Metabolomics is a now a long established method of examination of analytical chemistry. The discipline, for that is now what it truly is, can be found in pharmaceutical and medical research, in agriculture and nutrition.
It’s also lent itself to a particular study called ‘foodomics’ which is coyly described as food metabolomics. It’s study relies on a variety of statistical and multi-variant technologies for both information mining and for interpreting the data.
What Is Metabolomics?
The technique of metabolomics is the identification and quantification of the complete set of metabolites in a biological system.
Metabolites are small molecules that are produced by all living organisms – animals, plants and of course humans. These metabolites are a range of compounds and include amino acids, lipids, sugars, phosphates, nitrogen-containing compounds, polyols, and other chemicals. Most importantly though, it excludes the proteins and peptides.
Why Study It?
The objective is to obtain important insights into physiologically normal and disease states. What is obtained from a metabolomic study is a profile of an organism’s total metabolite creation or metabolome as it might be called.
If we make quantitative measurements of the dynamic metabolite response of a living organism, it helps us understand in depth and at any time the various underlying biochemical pathways. We can build up an understanding then of the health of the organism.
We can also see the impact of genetic modification and how different physiological stimuli influence that genome. We might also study other elements that affect an organism such as what happens when it is fed for example.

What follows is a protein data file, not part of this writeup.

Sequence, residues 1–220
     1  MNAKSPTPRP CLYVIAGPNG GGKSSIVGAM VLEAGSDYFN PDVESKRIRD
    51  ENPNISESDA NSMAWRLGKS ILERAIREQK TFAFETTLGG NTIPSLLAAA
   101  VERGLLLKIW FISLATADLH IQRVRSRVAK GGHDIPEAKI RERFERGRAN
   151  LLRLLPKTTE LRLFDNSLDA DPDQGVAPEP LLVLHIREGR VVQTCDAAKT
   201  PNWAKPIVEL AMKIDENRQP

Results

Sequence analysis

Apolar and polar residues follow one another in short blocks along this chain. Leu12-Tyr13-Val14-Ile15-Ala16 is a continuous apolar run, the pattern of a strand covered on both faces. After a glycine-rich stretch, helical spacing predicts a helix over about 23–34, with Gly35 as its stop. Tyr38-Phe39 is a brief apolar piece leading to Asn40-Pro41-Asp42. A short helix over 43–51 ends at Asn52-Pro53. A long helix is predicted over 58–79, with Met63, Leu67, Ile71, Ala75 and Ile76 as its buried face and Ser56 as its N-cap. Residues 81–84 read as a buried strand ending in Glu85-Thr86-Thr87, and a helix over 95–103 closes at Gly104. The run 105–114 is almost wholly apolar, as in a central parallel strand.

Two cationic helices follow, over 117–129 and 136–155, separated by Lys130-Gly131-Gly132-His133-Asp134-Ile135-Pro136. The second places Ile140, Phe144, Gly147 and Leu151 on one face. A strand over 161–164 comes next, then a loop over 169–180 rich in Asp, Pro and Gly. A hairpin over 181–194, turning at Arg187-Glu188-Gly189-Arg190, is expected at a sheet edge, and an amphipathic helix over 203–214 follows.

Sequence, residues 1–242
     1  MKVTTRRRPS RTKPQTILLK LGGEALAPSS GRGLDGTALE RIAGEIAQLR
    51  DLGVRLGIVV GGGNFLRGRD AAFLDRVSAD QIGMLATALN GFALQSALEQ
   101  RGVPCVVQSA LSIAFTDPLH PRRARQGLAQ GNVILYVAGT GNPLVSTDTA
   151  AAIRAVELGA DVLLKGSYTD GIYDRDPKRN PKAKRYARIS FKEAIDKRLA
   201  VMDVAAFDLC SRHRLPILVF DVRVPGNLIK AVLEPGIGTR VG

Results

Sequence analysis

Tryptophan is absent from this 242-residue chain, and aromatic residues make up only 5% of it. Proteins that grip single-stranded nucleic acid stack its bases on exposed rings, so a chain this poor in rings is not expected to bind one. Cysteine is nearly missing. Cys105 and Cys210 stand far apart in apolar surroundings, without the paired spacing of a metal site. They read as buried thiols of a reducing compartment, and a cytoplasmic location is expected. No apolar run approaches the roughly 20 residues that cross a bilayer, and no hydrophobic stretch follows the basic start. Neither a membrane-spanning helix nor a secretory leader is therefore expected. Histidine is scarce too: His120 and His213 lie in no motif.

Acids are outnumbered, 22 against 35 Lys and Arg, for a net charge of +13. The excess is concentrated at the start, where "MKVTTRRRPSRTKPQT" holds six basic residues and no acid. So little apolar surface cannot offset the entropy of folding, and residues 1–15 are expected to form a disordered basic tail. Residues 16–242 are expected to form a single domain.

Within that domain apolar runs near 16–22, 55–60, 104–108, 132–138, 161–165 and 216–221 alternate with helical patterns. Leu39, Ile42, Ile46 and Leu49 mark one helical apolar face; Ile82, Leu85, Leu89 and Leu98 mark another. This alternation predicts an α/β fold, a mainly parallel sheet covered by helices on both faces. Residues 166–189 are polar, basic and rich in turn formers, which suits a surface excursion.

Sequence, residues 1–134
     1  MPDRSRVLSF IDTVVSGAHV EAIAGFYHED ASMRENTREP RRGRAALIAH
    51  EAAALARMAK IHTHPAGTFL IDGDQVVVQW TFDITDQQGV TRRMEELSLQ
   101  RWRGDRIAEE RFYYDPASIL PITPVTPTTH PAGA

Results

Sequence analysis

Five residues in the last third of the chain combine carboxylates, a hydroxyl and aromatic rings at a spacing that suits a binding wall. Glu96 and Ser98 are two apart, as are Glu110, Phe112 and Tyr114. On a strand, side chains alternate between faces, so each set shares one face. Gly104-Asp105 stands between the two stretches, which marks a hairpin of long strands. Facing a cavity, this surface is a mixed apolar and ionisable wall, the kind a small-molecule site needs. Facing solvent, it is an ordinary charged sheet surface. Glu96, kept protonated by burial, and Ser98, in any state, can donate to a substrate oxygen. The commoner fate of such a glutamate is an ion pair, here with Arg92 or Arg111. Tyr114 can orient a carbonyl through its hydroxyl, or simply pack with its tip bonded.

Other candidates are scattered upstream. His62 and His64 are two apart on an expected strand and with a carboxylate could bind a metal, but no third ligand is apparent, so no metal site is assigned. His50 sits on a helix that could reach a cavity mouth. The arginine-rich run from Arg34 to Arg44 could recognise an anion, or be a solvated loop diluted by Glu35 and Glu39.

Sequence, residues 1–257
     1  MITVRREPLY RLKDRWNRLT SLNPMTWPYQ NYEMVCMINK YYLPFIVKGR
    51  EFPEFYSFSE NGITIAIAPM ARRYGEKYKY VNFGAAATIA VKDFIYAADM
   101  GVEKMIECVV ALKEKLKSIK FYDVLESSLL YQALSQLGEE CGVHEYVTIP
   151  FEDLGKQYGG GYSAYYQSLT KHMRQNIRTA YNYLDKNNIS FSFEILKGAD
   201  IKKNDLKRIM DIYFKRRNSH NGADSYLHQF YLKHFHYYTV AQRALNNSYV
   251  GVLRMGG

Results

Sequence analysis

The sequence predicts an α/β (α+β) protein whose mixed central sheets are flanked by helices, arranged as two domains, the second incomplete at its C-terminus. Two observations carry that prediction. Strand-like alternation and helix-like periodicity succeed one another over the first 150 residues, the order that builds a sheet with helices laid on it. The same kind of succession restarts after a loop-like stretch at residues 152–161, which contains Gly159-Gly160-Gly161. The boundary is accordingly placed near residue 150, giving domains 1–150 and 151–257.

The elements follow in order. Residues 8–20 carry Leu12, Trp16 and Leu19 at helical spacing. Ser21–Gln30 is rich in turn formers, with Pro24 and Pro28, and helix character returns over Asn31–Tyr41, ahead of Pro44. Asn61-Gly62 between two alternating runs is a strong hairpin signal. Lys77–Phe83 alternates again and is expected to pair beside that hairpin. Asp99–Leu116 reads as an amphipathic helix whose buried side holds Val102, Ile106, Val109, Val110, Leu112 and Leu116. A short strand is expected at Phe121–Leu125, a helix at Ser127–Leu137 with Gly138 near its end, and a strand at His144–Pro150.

There are many different formats within the study of metabolomics. The most wide ranging is untargeted. This measures many compounds including their ratios but is least accurate. The next level is metabolic profiling which looks at a set of related compounds. The most accurate is a targeted analysis which measures and quantifies specific compounds.
Metabolomics needs high-throughput assaying coupled to analytical techniques and molecule identification.
The sort of techniques we are thinking of are primarily chromatography. These are classic separation techniques which are the bedrock of the analytical platform in this field. They include gas chromatography, capillary electrophoresis, high performance liquid chromatography (HPLC) and ultra-performance liquid chromatography (UPLC).
Chromatography is often coupled to mass spectrometry to help with molecule identification. One will often see technique quoted such as capillary electrophoresis–mass spectrometry (CE‐MS), gas chromatography–mass spectrometry (GC‐MS) and liquid chromatography–mass spectrometry (LC‐MS). Nuclear magnetic resonance (NMR), Fourier transform infrared (FTIR) and Raman spectroscopy are the other identification techniques of choice too.
All the techniques we are discussing generate large amounts of data. That means sophisticated statistical methods are needed for data analysis and interpretation. It needs large computerised libraries of mass spectra which help us identify and compare metabolites in the system.
The technologies have been comprehensively examined by Adebo et al., (2017), Adamski (2020).
Food Applications In Metabolomics
Metabolomics can be exploited in the food industry for examining the way a food changes with processing, whether it is poorly treated, labelled incorrectly or adulterated.
Another area of interest is the application to changes in a food’s flavour or sensory profile and its nutritional profile. That’s especially useful when exploring the way food affects the human metabolome and how dietary intervention can alter a person’s nutritional status.
2017a). Food metabolomics (Foodomics), a new frontier in food analysis and its potential in understanding fermented foods. In: Functional Food ‐ Improve Health through Adequate Food. (edited by M.C. Hueda) Pp. 211–234. Croatia: InTech., , , & (
2020). Current practice in untargeted human milk metabolomics. Metabolites, 10, 43 (Article). , , et al. (